A panel of judges selected five of winners from 68 applications, with the sixth being chosen by online public voting. 
 
The winners were Diane Perry, Brandon Hsu (in the 16-and-under category), Danielle Levesque, Carrie Witkop, Lizabeth Murphy, and Jules Gross. Two storm drains were painted on weekends in April in honor of Earth month.


Artist Danielle Levesque (center) leads her team toward finished design (below). (DEP photos).
All six newly painted storm drains are located within the Sligo watershed (and sewershed) in downtown Wheaton. Three of them are just east of Georgia Avenue, at the intersection of Fern Street and Reedie Drive and at Reedie and Amherst (on Reedie). Three more are just west of Georgia, at the intersection of 
Grandview Avenue and Ennalls Avenue (on Ennalls and at 11232 and 11210 Grandview). 







The contest, in its second year, was organized by the county's Department of Environmental Protection. The contest is a partnership among the Mid-County Regional Services Center, the Wheaton Urban District, and the Wheaton Arts and Entertainment District, in collaboration with the county's Department of Transportation, Montgomery Parks, Friends of Sligo Creek, One Montgomery Green, and Rock Creek Conservancy.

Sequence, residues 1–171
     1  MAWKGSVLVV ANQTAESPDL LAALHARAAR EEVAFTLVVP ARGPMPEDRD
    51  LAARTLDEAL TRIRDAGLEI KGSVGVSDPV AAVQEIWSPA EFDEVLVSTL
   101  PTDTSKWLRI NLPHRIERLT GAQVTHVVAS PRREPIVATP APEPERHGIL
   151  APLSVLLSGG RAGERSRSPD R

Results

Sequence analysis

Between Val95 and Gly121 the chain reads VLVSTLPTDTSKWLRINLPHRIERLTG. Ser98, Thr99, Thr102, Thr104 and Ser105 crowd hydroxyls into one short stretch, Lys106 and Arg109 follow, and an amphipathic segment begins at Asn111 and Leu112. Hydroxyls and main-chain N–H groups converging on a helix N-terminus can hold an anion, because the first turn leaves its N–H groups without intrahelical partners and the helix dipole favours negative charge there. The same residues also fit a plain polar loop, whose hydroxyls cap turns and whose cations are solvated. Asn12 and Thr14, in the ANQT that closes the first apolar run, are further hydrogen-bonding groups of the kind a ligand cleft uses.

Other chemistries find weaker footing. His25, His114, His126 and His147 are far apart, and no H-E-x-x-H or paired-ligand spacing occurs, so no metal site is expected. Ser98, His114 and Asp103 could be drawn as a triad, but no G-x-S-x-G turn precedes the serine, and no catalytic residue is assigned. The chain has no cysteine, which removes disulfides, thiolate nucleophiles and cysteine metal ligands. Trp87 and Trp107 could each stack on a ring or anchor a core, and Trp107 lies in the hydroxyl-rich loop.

Finished artwork designed by Carrie Winkop (Mike Smith photo)


Spring Sweep Draws More than 500 Volunteers


Volunteers get pumped before clearing trash between New Hampshire and Maple Avenues. (L.C. Tipton photo)
This year's spring Sweep the Creek results speak for themselves, so we are keeping our report short and sweet.

We had a wonderful and perhaps record-setting 573 volunteers joining in 14 sections all along the creek. 

Due to your efforts, the creek is less about 331 bags of trash and 131 bags of recycling.